Our job was to get inside. Not quite as easy as it looked.

EGB warned us we’d need to be on our toes, his teeth chattering as he filled a small cooler with coffee. You can’t simply tour Stonybrook. Management would be waiting for us. They were armed. If spotted the cops would be immediately called and my car would be towed.

Palm Beach cops are kinda shooty. Whenever they go into Stonybrook they do so with guns drawn.

How bad was bad to make Stonybrook folks risk this? To take on a literal mobster? To risk being sent to a godforsaken sugar cane field where the only careers were working under the sun barefoot or serving lunch to inmates?

We collectively downed a can of Monster and headed to the front lines.

We would see history in the making.

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The ride into Riviera Beach was strange. It once was a city, so they say, but now it’s merely a node in Palm Beach’s grand plantation system. This is where the janitors, the cleaners, and the cashiers live. People talk about the poor being forced into ghettos, being denied the basics most people take for granted, but coming off I-95 was like flipping a switch. All of a sudden the spanish revival buildings, the fucking trees, all of it disappeared; what was left was industrial water treatment and dilapidated strip malls. Everything looked like it had been left to rot. Desperation practically came through the AC and hit us in the face.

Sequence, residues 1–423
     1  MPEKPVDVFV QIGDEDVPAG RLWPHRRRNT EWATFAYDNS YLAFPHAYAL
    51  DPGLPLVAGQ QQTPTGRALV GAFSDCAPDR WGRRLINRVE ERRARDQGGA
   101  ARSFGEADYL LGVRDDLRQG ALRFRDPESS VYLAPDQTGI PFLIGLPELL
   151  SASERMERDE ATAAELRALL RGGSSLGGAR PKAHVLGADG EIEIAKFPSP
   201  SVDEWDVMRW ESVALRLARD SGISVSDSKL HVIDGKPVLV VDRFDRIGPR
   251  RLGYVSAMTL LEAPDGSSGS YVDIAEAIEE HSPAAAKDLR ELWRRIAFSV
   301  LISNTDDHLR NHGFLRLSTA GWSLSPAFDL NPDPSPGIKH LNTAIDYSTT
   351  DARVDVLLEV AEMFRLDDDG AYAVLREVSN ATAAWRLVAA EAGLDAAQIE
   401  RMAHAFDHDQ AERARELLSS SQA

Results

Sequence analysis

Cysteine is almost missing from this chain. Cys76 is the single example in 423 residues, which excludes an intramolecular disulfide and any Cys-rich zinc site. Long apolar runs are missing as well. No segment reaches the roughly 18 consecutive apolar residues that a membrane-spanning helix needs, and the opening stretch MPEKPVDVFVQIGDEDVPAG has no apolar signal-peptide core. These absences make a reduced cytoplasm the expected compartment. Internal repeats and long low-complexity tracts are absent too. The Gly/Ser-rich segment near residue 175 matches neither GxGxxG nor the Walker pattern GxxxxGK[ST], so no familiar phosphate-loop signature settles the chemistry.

The only sin in Palm Beach County is being poor. Stonybrook Apartments was where the poor of the poor resided, the human beings who displeased the plantation class so much their mere existence was a nuisance.

We pulled in past a dilapidated and seemingly non-functional security gate. Beside it two elderly black men sat on the curb, staring at the road in a daze. The air was still, like the place was asleep. The tropical sun cooked our skin. Where was everybody?

EGB motioned us to follow him to a “recreation center” that looked like it had been closed since the 80’s. We turned a corner, moving quickly so as not to be seen. From out of nowhere a women with scars on her face appeared from behind another corner. With her were several residents and children.

They were hiding. In their own development, in their own neighborhood, they were hiding.